Child anxiety could be factor in school absences, research concludes

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New research has concluded that anxiety can be a factor in poor school attendance among children and young people.

A team at the University of Exeter Medical School conducted a systematic review, which analyses all available evidence in the field. The study, published in Child and Adolescent Mental Health, increases our understanding of the link between anxiety and poor school attendance, particularly when unexcused.

The research, supported by the Wellcome Trust and the National Institute for Health Collaboration for Leadership in Applied Health Research and Care (CLAHRC) South West Peninsula (PenCLAHRC), also identifies the lack of high-quality research in the area. In particular, we need more studies that follow children over time to clearly disentangle whether the anxiety leads to poor school attendance or the other way round.

Of 4,930 studies in the area, only 11 met the criteria which meant they could be included in the robust analysis. They were conducted in countries across North America, Europe and Asia.

The team categorised school attendance into the following categories: absenteeism (i.e. total absences); excused/medical absences; unexcused absences/truancy; and , where the child struggles to attend school due to emotional distress, despite awareness from parents and teachers.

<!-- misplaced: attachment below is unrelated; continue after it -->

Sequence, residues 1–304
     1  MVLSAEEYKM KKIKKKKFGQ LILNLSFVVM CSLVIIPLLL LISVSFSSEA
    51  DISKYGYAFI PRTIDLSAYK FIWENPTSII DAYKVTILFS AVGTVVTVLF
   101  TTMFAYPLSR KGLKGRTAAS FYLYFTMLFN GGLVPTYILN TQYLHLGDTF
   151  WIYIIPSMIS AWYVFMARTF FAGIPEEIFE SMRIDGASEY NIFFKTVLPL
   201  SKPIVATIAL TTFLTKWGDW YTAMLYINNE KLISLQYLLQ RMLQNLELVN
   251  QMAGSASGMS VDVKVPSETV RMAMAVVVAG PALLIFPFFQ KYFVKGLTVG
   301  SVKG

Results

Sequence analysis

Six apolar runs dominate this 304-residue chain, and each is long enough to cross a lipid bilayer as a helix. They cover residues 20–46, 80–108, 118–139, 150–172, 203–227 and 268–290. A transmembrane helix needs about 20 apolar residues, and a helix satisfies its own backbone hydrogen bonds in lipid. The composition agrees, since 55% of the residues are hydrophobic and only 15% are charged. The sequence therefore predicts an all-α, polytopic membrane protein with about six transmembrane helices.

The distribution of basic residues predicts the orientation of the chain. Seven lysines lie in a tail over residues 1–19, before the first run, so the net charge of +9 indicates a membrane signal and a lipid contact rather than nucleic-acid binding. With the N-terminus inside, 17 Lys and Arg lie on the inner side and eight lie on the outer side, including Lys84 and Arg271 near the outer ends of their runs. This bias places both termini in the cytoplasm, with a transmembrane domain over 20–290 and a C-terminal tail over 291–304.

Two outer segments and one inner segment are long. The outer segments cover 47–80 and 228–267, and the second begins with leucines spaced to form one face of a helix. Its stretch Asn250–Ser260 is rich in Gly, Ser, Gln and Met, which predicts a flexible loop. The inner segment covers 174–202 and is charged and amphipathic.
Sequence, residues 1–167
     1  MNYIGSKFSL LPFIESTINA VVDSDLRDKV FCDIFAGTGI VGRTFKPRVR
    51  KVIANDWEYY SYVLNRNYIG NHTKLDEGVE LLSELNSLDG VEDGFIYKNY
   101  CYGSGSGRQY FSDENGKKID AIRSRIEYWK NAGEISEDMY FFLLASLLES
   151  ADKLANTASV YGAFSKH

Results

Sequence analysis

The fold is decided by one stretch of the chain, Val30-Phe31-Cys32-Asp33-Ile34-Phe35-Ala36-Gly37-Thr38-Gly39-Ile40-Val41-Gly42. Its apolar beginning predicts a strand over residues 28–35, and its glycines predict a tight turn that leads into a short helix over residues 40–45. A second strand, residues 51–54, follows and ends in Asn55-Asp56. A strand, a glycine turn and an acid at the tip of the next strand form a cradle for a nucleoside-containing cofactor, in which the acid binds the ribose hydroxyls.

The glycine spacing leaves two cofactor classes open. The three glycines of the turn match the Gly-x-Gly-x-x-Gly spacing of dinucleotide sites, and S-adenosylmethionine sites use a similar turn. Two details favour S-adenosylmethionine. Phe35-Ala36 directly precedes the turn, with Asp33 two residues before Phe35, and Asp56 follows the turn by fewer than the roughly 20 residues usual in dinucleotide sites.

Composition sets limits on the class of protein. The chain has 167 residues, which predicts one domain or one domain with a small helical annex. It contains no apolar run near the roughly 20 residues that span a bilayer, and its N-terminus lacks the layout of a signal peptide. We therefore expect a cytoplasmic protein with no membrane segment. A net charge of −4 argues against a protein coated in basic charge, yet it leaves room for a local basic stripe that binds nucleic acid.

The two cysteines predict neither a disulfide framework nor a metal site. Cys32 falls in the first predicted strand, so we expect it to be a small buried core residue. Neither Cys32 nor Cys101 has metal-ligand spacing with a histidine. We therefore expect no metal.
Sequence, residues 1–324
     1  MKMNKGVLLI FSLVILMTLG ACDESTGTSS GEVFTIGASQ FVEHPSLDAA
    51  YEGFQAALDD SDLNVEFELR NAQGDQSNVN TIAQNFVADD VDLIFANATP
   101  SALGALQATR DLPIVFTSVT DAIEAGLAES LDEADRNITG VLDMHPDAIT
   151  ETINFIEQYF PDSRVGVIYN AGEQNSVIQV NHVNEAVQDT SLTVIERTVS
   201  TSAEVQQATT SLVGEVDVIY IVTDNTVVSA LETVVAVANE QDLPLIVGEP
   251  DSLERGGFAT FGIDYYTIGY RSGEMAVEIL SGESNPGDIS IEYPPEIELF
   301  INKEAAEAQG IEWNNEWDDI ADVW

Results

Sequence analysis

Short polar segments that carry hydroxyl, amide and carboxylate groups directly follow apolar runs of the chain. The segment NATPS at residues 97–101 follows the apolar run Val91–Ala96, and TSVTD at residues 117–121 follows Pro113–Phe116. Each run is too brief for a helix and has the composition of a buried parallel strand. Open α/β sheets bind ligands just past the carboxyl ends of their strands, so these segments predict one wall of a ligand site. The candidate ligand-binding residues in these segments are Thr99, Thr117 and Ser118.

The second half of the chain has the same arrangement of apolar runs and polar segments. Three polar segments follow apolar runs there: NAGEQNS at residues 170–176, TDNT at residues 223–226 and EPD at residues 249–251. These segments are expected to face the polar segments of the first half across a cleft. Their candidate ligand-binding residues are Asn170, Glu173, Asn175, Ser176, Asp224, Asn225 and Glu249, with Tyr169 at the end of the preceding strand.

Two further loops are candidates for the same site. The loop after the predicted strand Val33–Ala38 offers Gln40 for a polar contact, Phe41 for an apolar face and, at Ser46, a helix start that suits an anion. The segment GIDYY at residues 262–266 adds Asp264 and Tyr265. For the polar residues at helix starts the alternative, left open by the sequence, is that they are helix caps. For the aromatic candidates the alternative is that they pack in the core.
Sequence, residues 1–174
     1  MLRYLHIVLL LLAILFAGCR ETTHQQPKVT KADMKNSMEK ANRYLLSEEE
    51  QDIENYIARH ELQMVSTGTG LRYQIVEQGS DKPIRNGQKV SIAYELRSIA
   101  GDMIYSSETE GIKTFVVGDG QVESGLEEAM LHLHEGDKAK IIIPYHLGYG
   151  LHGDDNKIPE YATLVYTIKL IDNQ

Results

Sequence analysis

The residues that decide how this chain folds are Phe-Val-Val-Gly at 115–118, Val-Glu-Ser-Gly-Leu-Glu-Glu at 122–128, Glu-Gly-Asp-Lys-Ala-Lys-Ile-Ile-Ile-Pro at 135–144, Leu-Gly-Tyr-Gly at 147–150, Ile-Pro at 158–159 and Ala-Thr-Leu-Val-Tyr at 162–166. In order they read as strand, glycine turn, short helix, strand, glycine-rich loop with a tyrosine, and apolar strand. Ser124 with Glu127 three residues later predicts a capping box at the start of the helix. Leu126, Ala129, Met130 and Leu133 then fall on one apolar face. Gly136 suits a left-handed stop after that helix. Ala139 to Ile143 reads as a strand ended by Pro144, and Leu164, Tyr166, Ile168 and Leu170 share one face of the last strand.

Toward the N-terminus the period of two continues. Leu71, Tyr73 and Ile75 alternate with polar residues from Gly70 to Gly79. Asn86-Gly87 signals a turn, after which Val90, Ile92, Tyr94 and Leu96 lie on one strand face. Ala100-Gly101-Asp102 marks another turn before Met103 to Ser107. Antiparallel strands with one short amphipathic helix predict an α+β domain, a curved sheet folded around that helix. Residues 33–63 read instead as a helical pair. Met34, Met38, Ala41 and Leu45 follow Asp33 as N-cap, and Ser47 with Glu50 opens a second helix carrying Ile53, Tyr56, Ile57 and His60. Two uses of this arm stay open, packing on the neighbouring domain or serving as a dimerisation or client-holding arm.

Findings from eight studies suggested a surprising association between truancy and anxiety, as well as the expected link between anxiety and school refusal.

Lead author Katie Finning said: “Anxiety is a major issue that not only affects young people’s schooling, but can also lead to worse academic, social and economic outcomes throughout life. It’s important that we pick up the warning signs and support our young people as early as possible. Our research has identified a gap of high-quality studies in this area, and we urgently need to address this gap so that we best understand how to give our young people the best start in life.”

Professor Tamsin Ford, who was involved in the research, said: “School staff and health professionals should be alert to the possibility that anxiety might underlie poor school attendance and can also cause lots of different physical symptoms, such as tummy and headaches”. Lots of things about school can trigger anxiety in children and it is important to realise that while we all get anxious about somethings, anxiety that is severe can have a major impact on children’s development.

“Anxiety is highly treatable and we have effective treatments. It is also important to understand that anxiety can lead to impulses to avoid the thing that makes you anxious. Although this avoidance reduces anxiety in the short term, it makes it even harder to cope with the trigger next time and so makes the problem worse. Most anxiety treatments work by teaching the child ways to calm themselves and slowly, with support, helping the child to prove to themselves that they can cope with things that make them anxious.

The full paper is entitled ‘The association between anxiety and poor attendance at school: A systematic review’ and is open access.

ENDS

Please note that this press release has been issued by University of Exeter Medical School. This is an independent blog and the views expressed in it do not necessarily represent ACAMH’s.

About the University of Exeter Medical School

The University of Exeter Medical School is improving the health of the South West and beyond, through the development of high quality graduates and world-leading research that has international impact.